I spent my formative years on a small hobby farm. In addition to witnessing first hand the whole circle of life thing, I learned just how versatile duct tape and bailing twine can be. Of course I also learned that those temporary solutions rarely stood the test of time – or a stiff wind. Still, in a pinch, the quick and dirty solution isn’t always wrong provided you understand the consequences.
In software, we’re often pressed to slap something together, to hit a date, to use duct tape and bailing twine. Sometimes that is absolutely the right thing to do – the merger closes on the 1st, booking revenue requires the product to be released in the current fiscal year or marketing needs a demo for a key conference. Like our temporary solutions on the farm though, these improvised systems aren’t meant for the long term (or more than three users.)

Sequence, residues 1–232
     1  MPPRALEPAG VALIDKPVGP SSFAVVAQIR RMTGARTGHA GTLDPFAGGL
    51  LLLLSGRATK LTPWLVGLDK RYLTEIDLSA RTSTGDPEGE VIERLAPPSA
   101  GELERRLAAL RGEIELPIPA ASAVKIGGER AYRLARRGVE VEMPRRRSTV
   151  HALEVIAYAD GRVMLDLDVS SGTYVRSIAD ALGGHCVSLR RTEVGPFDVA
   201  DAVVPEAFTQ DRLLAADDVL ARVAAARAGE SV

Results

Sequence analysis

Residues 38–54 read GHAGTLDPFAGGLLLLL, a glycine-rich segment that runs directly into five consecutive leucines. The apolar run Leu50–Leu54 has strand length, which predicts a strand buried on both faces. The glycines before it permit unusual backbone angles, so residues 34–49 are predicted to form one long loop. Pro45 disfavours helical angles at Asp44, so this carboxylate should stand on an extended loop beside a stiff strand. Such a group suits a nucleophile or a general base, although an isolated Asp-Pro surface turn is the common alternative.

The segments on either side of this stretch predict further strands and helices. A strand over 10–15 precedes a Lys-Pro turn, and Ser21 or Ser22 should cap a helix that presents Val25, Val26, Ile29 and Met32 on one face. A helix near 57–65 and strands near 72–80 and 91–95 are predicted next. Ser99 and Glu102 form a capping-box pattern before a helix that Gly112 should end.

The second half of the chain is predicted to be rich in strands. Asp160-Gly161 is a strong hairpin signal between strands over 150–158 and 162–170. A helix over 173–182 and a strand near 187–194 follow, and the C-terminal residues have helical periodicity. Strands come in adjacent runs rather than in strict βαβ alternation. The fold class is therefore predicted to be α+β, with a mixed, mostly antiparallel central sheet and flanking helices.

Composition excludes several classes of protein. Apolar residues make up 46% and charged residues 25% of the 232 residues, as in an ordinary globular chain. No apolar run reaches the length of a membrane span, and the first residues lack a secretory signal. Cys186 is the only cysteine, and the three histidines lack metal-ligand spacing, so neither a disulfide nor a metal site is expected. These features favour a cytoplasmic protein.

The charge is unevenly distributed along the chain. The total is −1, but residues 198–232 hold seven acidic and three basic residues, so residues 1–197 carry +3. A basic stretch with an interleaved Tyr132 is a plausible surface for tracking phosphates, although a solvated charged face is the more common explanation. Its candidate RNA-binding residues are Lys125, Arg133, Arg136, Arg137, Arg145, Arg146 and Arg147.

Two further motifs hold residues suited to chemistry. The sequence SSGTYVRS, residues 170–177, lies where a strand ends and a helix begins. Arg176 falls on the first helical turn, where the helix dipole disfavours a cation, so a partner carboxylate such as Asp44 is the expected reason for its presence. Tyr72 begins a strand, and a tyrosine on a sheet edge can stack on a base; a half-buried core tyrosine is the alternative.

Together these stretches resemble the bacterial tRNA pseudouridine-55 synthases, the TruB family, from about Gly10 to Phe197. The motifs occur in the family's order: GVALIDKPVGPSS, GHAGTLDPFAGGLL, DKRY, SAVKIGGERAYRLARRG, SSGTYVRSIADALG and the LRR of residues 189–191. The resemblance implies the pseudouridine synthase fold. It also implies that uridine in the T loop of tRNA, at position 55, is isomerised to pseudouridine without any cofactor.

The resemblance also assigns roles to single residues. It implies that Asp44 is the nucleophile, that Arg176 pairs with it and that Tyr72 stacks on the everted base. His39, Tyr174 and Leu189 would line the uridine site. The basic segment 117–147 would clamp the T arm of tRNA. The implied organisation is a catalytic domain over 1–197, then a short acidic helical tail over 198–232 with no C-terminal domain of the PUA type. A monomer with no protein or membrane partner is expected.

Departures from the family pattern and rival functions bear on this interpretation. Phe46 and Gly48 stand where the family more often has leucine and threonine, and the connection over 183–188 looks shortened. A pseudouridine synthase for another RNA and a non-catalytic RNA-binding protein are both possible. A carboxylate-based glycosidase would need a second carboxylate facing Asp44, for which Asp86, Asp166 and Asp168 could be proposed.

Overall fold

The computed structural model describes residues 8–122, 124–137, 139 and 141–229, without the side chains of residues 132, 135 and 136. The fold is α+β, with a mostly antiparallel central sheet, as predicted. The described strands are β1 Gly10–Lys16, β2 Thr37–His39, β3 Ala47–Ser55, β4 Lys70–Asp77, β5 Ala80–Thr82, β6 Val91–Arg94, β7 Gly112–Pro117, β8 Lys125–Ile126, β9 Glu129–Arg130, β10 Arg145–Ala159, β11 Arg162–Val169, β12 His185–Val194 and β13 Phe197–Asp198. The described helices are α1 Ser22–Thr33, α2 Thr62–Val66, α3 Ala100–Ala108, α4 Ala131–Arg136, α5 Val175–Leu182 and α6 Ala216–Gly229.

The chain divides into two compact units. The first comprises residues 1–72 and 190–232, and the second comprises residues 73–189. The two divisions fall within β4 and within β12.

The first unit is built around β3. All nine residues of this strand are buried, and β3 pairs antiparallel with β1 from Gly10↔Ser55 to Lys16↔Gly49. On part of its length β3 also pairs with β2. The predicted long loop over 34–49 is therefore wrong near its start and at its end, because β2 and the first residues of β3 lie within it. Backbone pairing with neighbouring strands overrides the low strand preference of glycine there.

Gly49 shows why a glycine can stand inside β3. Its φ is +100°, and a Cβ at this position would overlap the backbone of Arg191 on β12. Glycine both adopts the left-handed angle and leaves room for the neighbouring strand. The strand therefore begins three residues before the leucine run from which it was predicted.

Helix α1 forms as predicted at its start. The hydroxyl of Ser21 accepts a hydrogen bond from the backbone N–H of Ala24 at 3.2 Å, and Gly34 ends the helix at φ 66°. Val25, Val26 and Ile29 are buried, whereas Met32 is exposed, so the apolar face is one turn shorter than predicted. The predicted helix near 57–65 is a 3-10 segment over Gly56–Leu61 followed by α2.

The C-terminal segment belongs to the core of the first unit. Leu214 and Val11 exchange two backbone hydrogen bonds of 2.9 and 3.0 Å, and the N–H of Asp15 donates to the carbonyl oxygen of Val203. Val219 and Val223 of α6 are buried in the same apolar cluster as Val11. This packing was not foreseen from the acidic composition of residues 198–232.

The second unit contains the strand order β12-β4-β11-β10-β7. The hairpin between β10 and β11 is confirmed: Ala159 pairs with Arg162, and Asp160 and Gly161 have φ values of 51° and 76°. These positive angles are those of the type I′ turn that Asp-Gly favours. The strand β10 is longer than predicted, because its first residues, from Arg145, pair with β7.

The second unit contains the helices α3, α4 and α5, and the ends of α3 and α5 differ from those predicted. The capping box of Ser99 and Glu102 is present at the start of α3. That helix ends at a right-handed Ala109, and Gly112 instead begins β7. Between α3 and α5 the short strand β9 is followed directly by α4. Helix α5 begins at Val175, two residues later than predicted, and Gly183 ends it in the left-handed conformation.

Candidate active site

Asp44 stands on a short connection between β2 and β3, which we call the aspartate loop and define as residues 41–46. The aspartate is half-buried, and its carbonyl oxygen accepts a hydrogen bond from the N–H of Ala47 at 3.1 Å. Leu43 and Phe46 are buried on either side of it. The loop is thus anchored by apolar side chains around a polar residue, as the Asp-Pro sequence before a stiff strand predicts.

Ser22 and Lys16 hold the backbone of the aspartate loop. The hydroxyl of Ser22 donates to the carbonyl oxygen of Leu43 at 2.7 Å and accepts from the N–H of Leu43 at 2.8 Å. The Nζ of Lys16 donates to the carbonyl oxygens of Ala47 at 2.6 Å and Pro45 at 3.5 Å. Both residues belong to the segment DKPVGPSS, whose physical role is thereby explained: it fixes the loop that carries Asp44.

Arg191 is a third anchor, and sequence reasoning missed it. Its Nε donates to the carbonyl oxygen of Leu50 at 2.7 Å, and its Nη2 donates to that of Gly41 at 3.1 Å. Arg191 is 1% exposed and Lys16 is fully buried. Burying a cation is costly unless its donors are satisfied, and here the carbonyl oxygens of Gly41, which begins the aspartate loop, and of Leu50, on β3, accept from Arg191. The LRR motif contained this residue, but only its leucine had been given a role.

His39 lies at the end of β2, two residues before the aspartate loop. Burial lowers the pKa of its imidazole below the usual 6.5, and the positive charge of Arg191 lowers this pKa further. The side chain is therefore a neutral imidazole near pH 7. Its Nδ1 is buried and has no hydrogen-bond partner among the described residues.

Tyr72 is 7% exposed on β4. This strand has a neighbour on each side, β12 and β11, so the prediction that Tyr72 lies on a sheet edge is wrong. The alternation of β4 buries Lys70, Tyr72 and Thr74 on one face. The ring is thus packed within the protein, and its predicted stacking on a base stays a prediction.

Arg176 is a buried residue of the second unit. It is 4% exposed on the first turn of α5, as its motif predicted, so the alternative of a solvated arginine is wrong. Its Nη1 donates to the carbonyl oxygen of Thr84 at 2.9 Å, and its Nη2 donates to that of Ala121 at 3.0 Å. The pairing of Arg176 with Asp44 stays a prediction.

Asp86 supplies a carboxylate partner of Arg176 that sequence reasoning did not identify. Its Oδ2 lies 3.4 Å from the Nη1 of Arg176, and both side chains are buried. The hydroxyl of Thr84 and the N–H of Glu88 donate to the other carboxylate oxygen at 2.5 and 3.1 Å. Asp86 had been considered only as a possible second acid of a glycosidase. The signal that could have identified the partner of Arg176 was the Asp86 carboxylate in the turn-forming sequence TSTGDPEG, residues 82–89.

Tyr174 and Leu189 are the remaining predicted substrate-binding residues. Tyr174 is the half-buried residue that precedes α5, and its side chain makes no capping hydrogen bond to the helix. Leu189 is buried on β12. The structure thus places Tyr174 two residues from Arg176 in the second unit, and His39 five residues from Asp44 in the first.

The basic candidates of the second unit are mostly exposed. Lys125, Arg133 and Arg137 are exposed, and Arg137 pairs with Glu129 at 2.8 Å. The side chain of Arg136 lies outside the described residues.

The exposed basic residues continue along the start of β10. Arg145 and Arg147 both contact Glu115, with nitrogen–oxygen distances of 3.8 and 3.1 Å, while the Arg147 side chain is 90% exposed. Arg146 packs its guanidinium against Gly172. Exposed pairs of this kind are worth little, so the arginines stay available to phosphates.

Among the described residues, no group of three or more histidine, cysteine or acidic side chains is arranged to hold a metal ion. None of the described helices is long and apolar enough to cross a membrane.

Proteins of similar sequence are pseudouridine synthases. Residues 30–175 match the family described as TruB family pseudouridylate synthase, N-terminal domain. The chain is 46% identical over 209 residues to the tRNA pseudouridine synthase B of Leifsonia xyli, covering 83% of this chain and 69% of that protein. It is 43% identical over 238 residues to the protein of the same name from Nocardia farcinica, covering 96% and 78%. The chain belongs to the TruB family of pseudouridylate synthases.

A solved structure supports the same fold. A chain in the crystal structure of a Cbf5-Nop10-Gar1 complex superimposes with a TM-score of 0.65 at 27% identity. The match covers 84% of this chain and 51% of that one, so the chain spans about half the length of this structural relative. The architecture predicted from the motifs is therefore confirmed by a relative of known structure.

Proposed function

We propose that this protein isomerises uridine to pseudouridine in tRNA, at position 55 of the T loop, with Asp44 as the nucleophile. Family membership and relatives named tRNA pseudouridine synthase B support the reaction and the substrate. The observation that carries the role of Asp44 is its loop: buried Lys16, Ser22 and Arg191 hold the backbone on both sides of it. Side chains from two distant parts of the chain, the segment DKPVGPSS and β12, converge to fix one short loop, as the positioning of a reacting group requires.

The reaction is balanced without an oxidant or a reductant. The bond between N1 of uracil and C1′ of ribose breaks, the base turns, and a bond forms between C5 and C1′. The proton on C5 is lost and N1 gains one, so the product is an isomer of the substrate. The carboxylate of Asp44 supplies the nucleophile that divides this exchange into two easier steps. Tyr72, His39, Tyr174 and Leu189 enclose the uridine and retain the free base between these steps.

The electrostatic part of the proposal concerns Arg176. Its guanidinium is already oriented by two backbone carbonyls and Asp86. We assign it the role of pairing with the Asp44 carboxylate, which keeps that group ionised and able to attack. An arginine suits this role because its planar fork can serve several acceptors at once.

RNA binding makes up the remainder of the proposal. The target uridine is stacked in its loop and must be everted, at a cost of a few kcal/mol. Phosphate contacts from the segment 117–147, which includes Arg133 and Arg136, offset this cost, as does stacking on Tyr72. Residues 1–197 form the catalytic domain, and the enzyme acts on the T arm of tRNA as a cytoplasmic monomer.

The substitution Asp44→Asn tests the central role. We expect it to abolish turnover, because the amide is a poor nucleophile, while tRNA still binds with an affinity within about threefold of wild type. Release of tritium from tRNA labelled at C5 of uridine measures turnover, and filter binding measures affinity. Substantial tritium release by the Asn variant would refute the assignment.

While no one seems surprised when a quickly constructed lean-to falls over after a few days, people are stunned when jerry-built software isn’t up to the task. Some of that is the nature of software – people can *see* the temporary nature of our quick fix in the real world, but it takes a developer to really appreciate the craptacular nature of some code.
The problem isn’t (necessarily) with the quick fix, its expecting too much of that rushed work. Well, that and deciding that dates are far more important than, you know, quality. Many seem to forget the cost of releasing a bad product. Best case results in a pulled release or paradoxically another quick fix; worst case is a pulled product or lost customers.
So yes, sometimes we should cut some corners but we need to do so with our eyes wide open. And we need to make sure our customers understand the consequences of doing so.